"But Bryce was not given any of this. He worked for everything. That's the way it is. He knows that. We all know that. I think he's gotten better at shrugging that stuff off and not letting it get to him."
On the Nationals' first off day this spring, Harper made the 67-mile drive west from Viera, Fla., to Disney World. He never goes unrecognized when he is out in the District; people are usually exceedingly nice and often apologetic for bothering him.
So when a boy no more than 14 or 15 approached him at the Magic Kingdom and asked for a photo, Harper obliged and threw his arm around the teen's shoulder.
"I'm a Braves fan," the boy said to Harper. "[Expletive] the Nationals."
"My face in the picture is probably like [so confused]," Harper said, chuckling as he told the story. "I was thinking, 'What? You just said that to me and you're taking a picture with me?' I was dumbfounded. I walked away and I go, 'I don't know what just happened right there. Happiest place on Earth.'"
But Harper understands the responsibility that comes with his exposure. Each day this spring, he spent time after batting practice, home or away, signing autographs for the fans who line up three and four rows deep. He does the same during the season, making sure he always signs for children, even if it's at the expense of waiting adults who often have motives.
A cursory eBay search reveals more than 200 items of Bryce Harper autographed merchandise going for hundreds, sometimes thousands, of dollars.
"It matters to him that he doesn't leave a little boy standing there who wanted an autograph," said Harolyn Cardozo, Nationals general manager Mike Rizzo's special assistant.
A difference 2 years make
When Harper reflects now, on the eve of his first Opening Day in the major leagues, he sees the 18-year-old who came into Nationals camp in 2011 and thinks it was unbelievable how hard he pushed at everything.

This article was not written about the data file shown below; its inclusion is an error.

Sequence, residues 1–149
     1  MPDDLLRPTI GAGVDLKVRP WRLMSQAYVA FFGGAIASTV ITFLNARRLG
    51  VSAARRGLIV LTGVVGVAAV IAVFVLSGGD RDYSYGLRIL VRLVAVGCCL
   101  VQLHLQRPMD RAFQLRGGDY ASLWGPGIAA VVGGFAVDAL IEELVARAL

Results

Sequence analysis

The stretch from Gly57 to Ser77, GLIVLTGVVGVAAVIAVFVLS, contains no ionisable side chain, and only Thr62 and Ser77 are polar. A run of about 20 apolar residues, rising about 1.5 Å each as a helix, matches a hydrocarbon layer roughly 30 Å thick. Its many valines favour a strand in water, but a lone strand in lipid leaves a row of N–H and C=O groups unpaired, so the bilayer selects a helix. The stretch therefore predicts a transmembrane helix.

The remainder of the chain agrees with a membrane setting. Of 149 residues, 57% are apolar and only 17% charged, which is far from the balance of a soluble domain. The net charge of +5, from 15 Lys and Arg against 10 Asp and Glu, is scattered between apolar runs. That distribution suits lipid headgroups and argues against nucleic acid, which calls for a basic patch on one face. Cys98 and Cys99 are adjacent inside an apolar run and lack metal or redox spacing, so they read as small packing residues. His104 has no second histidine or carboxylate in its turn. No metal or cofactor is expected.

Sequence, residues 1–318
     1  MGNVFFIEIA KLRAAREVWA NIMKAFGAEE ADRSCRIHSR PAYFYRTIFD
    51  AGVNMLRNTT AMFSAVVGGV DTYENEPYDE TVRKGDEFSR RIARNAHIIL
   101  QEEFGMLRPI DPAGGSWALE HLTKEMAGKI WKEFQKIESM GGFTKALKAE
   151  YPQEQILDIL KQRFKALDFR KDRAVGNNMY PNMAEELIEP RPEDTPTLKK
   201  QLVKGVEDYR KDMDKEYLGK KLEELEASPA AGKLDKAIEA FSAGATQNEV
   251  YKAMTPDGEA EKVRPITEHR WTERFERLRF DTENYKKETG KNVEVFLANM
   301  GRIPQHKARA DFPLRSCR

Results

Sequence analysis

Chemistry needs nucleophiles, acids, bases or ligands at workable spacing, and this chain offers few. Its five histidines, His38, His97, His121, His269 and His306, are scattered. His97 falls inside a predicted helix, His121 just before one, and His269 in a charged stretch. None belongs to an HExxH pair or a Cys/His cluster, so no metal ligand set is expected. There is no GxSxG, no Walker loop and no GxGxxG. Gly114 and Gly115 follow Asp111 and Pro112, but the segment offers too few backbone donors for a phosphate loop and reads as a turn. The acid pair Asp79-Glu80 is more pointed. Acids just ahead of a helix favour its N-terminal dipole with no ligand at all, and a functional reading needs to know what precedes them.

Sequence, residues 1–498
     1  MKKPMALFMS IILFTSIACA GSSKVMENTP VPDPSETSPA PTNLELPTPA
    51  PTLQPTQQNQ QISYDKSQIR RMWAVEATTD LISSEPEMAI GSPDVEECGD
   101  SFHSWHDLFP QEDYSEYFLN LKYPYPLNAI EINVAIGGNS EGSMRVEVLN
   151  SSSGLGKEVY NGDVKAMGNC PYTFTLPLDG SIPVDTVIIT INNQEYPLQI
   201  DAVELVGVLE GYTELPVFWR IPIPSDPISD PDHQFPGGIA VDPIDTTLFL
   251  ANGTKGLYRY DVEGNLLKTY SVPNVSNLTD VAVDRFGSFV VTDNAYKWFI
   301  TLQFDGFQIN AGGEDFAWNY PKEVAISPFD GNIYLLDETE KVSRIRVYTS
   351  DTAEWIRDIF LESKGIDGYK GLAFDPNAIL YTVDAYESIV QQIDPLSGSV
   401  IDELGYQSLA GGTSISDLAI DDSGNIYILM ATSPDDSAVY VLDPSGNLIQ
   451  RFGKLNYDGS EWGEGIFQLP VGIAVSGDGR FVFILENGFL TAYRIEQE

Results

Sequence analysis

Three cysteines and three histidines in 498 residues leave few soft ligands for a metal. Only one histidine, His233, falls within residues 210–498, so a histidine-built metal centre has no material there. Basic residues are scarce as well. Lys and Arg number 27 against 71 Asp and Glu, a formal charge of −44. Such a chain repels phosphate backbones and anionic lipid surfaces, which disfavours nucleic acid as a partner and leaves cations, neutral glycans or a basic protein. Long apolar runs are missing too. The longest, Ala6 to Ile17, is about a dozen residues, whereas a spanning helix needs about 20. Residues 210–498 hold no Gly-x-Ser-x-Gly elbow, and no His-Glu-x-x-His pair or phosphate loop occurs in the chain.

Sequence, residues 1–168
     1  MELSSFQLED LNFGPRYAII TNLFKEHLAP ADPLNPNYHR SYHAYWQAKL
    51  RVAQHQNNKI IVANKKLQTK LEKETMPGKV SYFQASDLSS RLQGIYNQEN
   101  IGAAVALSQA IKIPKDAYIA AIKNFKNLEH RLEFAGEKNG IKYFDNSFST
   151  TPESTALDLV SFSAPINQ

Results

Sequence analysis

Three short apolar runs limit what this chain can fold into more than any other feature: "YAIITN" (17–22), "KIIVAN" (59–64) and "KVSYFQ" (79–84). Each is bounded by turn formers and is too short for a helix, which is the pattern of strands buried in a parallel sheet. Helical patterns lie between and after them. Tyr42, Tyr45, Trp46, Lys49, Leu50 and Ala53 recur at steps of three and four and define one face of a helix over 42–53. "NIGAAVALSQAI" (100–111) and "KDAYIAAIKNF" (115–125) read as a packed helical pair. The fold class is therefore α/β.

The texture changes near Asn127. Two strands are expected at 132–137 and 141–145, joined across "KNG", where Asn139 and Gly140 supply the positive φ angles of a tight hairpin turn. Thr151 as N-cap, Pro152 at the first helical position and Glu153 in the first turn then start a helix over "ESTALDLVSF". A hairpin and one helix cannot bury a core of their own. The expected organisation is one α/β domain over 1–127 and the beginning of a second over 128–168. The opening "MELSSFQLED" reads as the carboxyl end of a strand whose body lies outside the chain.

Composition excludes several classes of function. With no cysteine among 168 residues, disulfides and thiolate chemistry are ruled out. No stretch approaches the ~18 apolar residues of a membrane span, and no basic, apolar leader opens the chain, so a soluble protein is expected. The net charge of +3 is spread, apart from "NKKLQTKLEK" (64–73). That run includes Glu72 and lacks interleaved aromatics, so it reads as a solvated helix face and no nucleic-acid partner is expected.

"I wasn't controlled," he said. "Swinging, outfield, aggression, everything."
It's easy to see that Harper has matured since then, a natural process for most from 18 to 20. His teammates used to calculate how old he was when one of them got married and laugh. Those jokes have faded.
His look, once wild and untamed, now can be tailored to the situation. His personality, once cause for his teammates to rib him (leading Harper to occasionally internalize their pranks), fits in seamlessly. On an early morning in Jupiter, Fla., this spring, Jayson Werth — sunglasses on and coffee in hand — searched for the batting cage as Harper walked up to him laughing.
"Good morning, Sunshine," Harper said, placing a hand on the veteran outfielder's shoulder. Two years ago, before he listed Werth as one of his favorite people to be around, Harper might have just walked past him quietly.
He refuses to say what his goals are for this season because they're lofty, and he thinks most would scoff. Several analysts named him as their pick for National League Most Valuable Player. He shrugs that off and turns the conversation toward the idea of winning a World Series, and how he can help.
The Nationals' players genuinely enjoy getting to know him and acknowledge that they need him to get where they want to go. They are comfortable with him, but also happy to have a front-row seat to watch the show.
"I think that's one of the best things about him: He hasn't really changed," said shortstop Ian Desmond. "Obviously, everyone grows up and you learn and evolve, but he hasn't really changed the way he plays. He hasn't changed his attitude.
"He's still a cocky little kid. That's what he has to have. That's his little advantage over everybody else. He's out to prove that he's the best player in the world. I've got no problem with that. He does it humbly, in a way. He carries himself well. He's respectful, but he's hungry. He was hungry the first day I saw him, and he still is."